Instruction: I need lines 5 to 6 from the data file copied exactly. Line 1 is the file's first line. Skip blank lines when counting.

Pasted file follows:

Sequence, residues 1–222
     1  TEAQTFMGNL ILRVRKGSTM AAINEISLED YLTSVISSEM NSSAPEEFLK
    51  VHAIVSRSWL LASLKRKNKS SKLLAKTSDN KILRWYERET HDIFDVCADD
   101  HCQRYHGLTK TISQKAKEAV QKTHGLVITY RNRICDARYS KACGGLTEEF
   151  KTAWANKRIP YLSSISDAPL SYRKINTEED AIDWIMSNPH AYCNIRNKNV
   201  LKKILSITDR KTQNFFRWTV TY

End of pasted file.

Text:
   151  KTAWANKRIP YLSSISDAPL SYRKINTEED AIDWIMSNPH AYCNIRNKNV
   201  LKKILSITDR KTQNFFRWTV TY